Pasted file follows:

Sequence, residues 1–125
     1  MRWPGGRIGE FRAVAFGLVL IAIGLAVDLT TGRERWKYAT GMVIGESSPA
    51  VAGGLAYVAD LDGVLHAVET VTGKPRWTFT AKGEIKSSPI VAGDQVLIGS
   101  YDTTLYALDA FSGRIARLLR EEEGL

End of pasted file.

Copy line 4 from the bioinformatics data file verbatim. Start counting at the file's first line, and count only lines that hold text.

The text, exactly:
   101  YDTTLYALDA FSGRIARLLR EEEGL